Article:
When former Mustang basketball standout David B. Miller ’72, ’73 and his wife, Carolyn, made the largest single alumni gift in SMU history, the Hilltop milestone made headlines in Dallas. Longtime business columnist Cheryl Hall ’73, who earned her journalism degree from the University, wrote about the publicity-shy couple for The Dallas Morning News. In this excerpt of the newspaper profile, their generous spirit and their love for family, community and SMU shine through.
BY CHERYL HALL ’73
How does a guy who went to Southern Methodist University on a basketball scholarship strike it so rich that he can give his alma mater more than $100 million?
He parlays the finance education that he earned at its Edwin L. Cox School of Business into co-founding one of the world’s largest private equity firms.
And just how David B. Miller came to do that is one of those under-the-radar success tales that Dallas is so famous for.
Miller and his wife, Carolyn, pictured at right, made headlines in October 2019 when they gave SMU $50 million — the biggest individual donation in the University’s 108-year history.
The Millers’ moment in the spotlight was unusual for this Highland Park couple who have quietly given tens of millions of philanthropic dollars since 2006.
The Miller name is already on the event center of Moody Coliseum and the floor of its basketball court, the campus student center at SMU-in-Taos and the ballroom of the new indoor training center.
The couple’s latest donation is intended to keep the Cox School competitive by modernizing and building facilities, hiring additional endowed faculty and expanding undergraduate and graduate scholarships to increase student diversity.
But frankly, a lot of people outside the SMU community don’t know who Carolyn and David are.
“He treats people with dignity and respect regardless of what their lot is in life.
He’s a believer in collective thinking from smart minds.”
– Kyle Miller ’01 speaking about his father, David Miller ’72, ’73
David was a three-year varsity standout center from 1968-72 and earned his undergraduate degree and M.B.A. in finance at Cox in the early 1970s.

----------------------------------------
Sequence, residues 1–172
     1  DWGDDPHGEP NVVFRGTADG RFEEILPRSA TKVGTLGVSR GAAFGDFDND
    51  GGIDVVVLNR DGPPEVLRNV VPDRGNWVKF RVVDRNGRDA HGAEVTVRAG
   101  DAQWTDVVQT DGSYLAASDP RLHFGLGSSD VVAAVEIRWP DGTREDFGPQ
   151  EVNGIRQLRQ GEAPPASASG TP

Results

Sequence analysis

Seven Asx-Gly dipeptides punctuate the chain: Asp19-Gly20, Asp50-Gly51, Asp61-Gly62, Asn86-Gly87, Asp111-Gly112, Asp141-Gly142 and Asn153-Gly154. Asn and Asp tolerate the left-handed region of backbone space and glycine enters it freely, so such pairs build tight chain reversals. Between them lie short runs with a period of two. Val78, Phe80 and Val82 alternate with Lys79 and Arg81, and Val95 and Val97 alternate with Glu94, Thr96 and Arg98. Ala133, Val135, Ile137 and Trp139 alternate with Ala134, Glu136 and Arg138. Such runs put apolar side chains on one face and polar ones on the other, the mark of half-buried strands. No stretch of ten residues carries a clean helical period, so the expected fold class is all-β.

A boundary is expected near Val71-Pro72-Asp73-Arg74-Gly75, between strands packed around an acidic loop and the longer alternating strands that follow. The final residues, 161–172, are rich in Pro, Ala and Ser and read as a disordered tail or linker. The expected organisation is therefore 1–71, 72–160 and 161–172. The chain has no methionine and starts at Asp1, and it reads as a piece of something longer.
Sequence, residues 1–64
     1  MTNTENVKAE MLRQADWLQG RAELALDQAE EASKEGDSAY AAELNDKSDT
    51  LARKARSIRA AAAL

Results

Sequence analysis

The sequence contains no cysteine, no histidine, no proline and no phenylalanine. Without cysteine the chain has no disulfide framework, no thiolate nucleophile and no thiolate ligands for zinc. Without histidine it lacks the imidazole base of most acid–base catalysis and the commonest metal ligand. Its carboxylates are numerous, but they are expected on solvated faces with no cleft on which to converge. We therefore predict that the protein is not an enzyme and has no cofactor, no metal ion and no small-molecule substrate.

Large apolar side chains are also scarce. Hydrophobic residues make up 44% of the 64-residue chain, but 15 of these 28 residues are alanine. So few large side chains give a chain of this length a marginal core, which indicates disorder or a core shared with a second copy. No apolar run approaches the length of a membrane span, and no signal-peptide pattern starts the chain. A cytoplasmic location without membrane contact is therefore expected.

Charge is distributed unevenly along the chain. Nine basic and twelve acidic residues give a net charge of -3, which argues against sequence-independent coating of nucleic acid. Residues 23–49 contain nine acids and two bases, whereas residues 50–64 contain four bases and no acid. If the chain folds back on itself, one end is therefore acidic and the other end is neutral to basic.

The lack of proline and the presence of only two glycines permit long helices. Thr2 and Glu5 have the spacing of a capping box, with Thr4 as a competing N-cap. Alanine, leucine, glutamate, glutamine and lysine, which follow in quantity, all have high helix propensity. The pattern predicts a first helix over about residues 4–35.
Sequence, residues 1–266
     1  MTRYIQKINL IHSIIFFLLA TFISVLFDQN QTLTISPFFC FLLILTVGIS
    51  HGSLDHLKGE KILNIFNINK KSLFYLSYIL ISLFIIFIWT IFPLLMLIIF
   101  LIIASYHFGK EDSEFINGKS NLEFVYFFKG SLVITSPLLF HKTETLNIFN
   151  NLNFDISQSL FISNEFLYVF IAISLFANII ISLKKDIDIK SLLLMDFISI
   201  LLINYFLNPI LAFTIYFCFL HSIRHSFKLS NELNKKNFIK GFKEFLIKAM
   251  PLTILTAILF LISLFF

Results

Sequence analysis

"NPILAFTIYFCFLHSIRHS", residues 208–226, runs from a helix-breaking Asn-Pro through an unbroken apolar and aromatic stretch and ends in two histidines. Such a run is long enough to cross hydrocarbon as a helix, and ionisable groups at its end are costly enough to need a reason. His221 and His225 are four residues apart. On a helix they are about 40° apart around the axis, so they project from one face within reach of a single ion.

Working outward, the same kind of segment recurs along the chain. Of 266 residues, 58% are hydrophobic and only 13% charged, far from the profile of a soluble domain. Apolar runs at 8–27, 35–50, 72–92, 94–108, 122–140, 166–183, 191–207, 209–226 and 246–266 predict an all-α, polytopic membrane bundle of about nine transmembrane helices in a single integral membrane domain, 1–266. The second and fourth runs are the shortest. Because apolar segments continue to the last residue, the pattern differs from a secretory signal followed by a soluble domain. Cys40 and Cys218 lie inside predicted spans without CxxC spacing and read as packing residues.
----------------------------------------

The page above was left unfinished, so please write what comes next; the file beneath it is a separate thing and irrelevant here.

Today Miller is a co-founder and managing partner of global private equity firm EnCap Investments LP, which completed its 21st fund last year with 350 institutional partners. That brought the total amount of funds under its management to nearly $40 billion since its inception in 1988.
Carolyn, a former elementary school teacher in Garland and social worker, closely guards her privacy while rolling up her sleeves to work for social causes such as aiding seniors, protecting battered women and sheltering the homeless.
But $50 million is hard to keep under wraps, especially when one intent of the Millers’ huge gift was to lead others to SMU’s next major fundraising campaign.
The Millers sat down for the first time ever as a couple to share how they came to spread such enormous largesse.
David Miller keeps a scrapbook close at hand in his home office. Its title: “A Dream Come True.”
“That dream was to play basketball at SMU,” he says, flipping through the worn pages of newsclips and mementos assembled by his mother.
As Miller was about to graduate from Richland High School, the team’s star center had nearly a dozen scholarship offers but not the one that really mattered to him – SMU.
“There was just nothing bigger in the southwestern part of the country than SMU basketball,” he recalls. “Doc Hayes was their legendary coach. My senior year, SMU beat Louisville, the No. 2 team in the country, in the NCAA regional tournament. I was a passionate fan.”
Two days after National Signing Day, the first day high school players can commit to a college, David told his mother at breakfast that he’d reconciled himself to becoming a Red Raider at Texas Tech University. But Fay Ann Miller, now a 92-year-old SMU alum, urged her son to hold out for one more day.
Celebrating the naming of Moody Coliseum’s David B. Miller Court in 2018.
“It was magical,” he recalls. “I show up at the high school the next day, and there is the legendary coach Doc Hayes and his replacement, Bob Prewitt, who was actually my coach, and they offer me a scholarship. And the rest is history. My dream came true.”